First cancer patient included in PCI Biotech’s Phase I/II trial of Amphinex®

Posted on Aug 24, 2009

Oslo, 24 August 2009 – PCI Biotech Holding ASA today announced that the first cancer patient has received treatment in the Phase I/II trial with the lead candidate Amphinex®, used in PCI Biotech’s unique technology for targeted enhancement of therapeutics in cancer treatment. The patient was treated at the University College Hospital (UCH) in London. PCI’s proprietary photosensitiser Amphinex® is in this study combined with the cytotoxic agent bleomycin. When activated by light, Amphinex® promotes effective delivery of large therapeutic molecules such as bleomycin through triggered endosomal release. The trial will investigate a broadly representative spectrum of cancers including breast and head & neck cancer, to demonstrate the safety and potential of this new approach

 

The primary objective of this study is to assess the maximum tolerated dose of Amphinex®, in PCI treatment with bleomycin. Secondary objectives include determination of the antitumor activity of Amphinex® when used in combination with bleomycin, as well as its pharmacokinetics.

Dr. Colin Hopper, Principal Investigator at UCH, said: “At UCH we are dedicated to high quality patient care and we have extensive experience in the use of photodynamic therapy to treat cancer patients. PCI is a very exciting new approach in photodynamic medicine that has shown great promise in preclinical studies. We are very proud of being the first centre to move this new technology into the clinic.”

Per Walday CEO of PCI Biotech, comments: “This first in man trial is an important step forward for the company. We are confident that our approach addresses one interlinked major challenge in oncology – how to deliver therapeutics with large enough loads to effectively destroy tumours while at the same time reducing the risk of damaging healthy cells. Bleomycin is ideal for demonstrating this – there is no doubt about its therapeutic potential, but until now delivery problems and associated toxicity have prevented the realisation of its full potential. We expect to have preliminary results of the trial early in 2010.”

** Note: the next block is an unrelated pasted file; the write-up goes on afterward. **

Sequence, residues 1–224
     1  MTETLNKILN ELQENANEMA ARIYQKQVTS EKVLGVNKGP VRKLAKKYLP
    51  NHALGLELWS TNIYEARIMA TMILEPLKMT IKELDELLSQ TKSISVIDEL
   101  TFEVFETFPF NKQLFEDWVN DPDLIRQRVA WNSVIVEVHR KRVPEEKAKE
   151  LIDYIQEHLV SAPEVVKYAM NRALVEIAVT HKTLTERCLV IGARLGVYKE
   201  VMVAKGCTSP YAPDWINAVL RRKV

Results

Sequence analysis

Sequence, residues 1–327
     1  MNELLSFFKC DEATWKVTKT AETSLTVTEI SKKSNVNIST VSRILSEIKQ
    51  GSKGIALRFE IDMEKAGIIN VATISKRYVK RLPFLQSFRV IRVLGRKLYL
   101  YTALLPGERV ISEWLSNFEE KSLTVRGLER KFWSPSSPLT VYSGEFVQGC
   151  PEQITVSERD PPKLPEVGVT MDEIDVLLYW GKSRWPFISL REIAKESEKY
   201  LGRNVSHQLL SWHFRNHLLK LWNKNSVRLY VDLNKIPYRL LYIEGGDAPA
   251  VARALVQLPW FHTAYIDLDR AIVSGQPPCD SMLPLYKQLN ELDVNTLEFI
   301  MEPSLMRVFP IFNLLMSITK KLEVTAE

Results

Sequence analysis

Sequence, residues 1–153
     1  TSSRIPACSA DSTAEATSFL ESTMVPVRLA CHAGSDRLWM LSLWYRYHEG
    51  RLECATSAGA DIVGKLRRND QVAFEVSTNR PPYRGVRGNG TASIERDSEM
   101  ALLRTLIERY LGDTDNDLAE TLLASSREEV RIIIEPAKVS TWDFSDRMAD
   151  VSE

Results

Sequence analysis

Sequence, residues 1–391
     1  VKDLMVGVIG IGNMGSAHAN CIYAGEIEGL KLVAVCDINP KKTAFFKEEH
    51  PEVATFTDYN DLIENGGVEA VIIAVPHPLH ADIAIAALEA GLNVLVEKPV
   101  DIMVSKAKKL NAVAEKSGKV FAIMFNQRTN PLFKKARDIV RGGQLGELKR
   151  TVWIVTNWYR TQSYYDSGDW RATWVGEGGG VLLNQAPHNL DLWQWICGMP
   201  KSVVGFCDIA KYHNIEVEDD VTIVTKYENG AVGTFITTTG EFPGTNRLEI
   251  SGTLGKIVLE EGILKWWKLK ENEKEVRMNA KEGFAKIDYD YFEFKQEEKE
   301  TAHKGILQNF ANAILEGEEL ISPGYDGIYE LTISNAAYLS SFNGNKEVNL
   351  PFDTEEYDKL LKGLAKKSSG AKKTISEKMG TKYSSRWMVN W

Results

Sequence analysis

In addition, whilst our main initial focus is cancer, we strongly believe the PCI technology also has potential to improve the effect of emerging treatments such as gene therapy and therapies based on nanotechnology or on biotechnological principles. In particular, we are looking at siRNA through projects funded by EU and by the Norwegian Research Council.”

PCI Biotech is a Norwegian biopharmaceutical company developing a novel light directed drug delivery system based on its patented photochemical internalisation (PCI) technology. Originating from world leading research at the Norwegian Radium Hospital, the PCI method involves first injecting target cells with a photosensitiser. Therapeutic molecules are then delivered to the cells and when these are illuminated the cells’ endosomes are ruptured to allow successful uptake.

PCI can enhance the delivery of all molecules taken into the cell by endocytosis. This includes most types of macromolecules, drugs carried by antibodies or nanoparticles, as well as some small molecule drugs. In addition, PCI enables the use of more toxic compounds by restricting their effects to the target site.

PCI Biotech follows a dual strategy of using its technology to improve the effect both of existing drugs and for emerging treatments such as gene therapy. PCI Biotech’s first clinical study couples the proven photosensitiser Amphinex® with the cytotoxic agent bleomycin. Other studies are planned for the delivery of other cancer drugs in relevant indications.

Contact information:
PCI Biotech Holding ASA, Hoffsveien 48, N-0377 Oslo v/
Per Walday, CEO, pw@pcibiotech.no, Mobile: +47 917 93 429
Bernt-Olav Røttingsnes, CFO, bor@pcibiotech.no, Mobile: +47 913 47 021